The Wyoming Administrative Procedure Act is found in Title 16, Chapter 3 of Wyoming Statutes. According to Wyo. Stat. § 16-3-102, each agency should lay down the nature and requirements of all procedure available in connection with contested cases. The agency should make available rules, written statements of policy, final orders, decisions and opinions for public inspection and copying. A rule, order or decision is not valid against any party until it has been filed with the registrar of rules and made available for public inspection. In formulating rules of practice, each agency may request the assistance of the attorney general.
Wyo. Stat. § 16-3-103 requires an agency to give at least 45 days’ notice regarding adoption, amendment or repeal of any rule. The notice should be given to the attorney general, the secretary of state’s office as registrar of rules. AN Agency should afford all interested persons reasonable opportunity to submit data views, or arguments, orally or in writing. When an agency finds that an emergency requires the agency to proceed without notice or opportunity for hearing, it may adopt emergency rules. An emergency rule is effective when filed. Such rule is effective for a period of not longer than 120 days. An agency should submit the rule or any amendment, repeal, modification or revision of the rule to the governor for review. The governor has to approve and sign the rule, before it is submitted to the registrar of rules. Upon receipt of a notice of intended action from a state agency, the secretary of state’s office shall maintain a file of these notices and make them available for public inspection during regular business hours.
Wyo. Stat. § 16-3-104 states that each agency should file in the office of the registrar of rules a certified copy of each rule adopted by it as approved by the governor. The registrar of rules should keep a permanent register of the rules open to public inspection. Rules should be prepared in the manner and form prescribed by the state registrar of rules.
Wyo. Stat. § 16-3-105 states that the registrar of state agency rules should compile, index and publish the rules adopted by each agency. The compilation should be supplemented or revised at least once in every 2 years. Also, the registrar of state agency rules may make a reasonable charge for any rules published.
According to Wyo. Stat. § 16-3-106, any interested person may petition an agency requesting the promulgation, amendment or repeal of any rule. The agency may either deny the petition in writing or initiate rulemaking proceedings. The action of the agency in denying a petition is final and not subject to review.
Wyo. Stat. § 16-3-107 states that in a contested case the agency should afford to all parties, opportunity for hearing after reasonable notice in writing. In a contested case, agencies should have the authority to administer oaths and affirmations, subpoena witnesses and require the production of any books, papers or other documents relevant or material to the inquiry. Every party should be accorded the right to appear in person or by or with counsel or other duly qualified representative in any agency proceeding.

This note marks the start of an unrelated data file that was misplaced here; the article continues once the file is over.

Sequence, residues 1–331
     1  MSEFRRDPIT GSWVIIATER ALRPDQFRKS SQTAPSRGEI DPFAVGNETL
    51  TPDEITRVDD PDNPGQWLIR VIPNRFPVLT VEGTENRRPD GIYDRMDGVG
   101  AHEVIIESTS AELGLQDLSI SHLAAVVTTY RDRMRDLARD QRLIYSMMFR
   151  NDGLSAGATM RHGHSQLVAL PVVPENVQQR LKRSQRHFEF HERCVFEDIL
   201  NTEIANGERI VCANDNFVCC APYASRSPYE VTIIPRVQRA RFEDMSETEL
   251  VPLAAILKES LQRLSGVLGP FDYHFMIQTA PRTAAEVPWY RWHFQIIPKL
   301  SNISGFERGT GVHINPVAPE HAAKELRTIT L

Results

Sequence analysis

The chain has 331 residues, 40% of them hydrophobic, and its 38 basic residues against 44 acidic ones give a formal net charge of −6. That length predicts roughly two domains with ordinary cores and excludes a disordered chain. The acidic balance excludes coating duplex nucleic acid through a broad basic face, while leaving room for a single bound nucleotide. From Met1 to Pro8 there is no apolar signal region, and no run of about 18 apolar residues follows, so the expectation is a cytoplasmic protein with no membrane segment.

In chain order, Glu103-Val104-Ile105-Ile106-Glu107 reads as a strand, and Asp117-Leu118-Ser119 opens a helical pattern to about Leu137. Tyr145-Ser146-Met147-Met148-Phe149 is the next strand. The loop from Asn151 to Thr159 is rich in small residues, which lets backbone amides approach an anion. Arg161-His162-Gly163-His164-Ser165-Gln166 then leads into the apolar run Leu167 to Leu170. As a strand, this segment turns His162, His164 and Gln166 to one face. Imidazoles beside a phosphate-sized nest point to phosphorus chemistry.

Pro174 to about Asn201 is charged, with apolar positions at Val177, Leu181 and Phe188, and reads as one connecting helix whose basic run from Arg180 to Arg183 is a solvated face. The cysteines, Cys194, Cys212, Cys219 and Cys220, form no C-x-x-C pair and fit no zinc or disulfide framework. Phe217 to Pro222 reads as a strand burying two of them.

According to Wyo. Stat. § 16-3-108, in contested cases irrelevant, immaterial or unduly repetitious evidence shall be excluded. Sanction shall be imposed only on consideration of the whole record and a party may conduct cross-examinations required for a full and true disclosure of the facts. As per Wyo. Stat. § 16-3-110, a final decision or order against a party in a contested case shall be in writing or dictated into the record. A copy of the decision and order should be delivered or mailed to each party or to his attorney of record.
Wyo. Stat. § 16-3-112 states that in all contested cases before an agency there should be a presiding officer designated by the agency. The functions of the presiding officer shall be conducted in an impartial manner. The agency may request the office of the attorney general to furnish to the agency such personnel as may be necessary to properly investigate, prepare, present and prosecute the contested case before the agency. However an agency should not delegate the authority to make final decisions to an independent administrative hearing officer unless required by law.
According to Wyo. Stat. § 16-3-114, any person aggrieved by a final decision of an agency in a contested case, is entitled to judicial review in the district court. The reviewing court should decide all relevant questions of law, interpret constitutional and statutory provisions, and determine the meaning or applicability of the terms of an agency action. As per Wyo. Stat. § 16-3-115, an aggrieved party may obtain a review of any final judgment of the district court by appeal to the Supreme Court.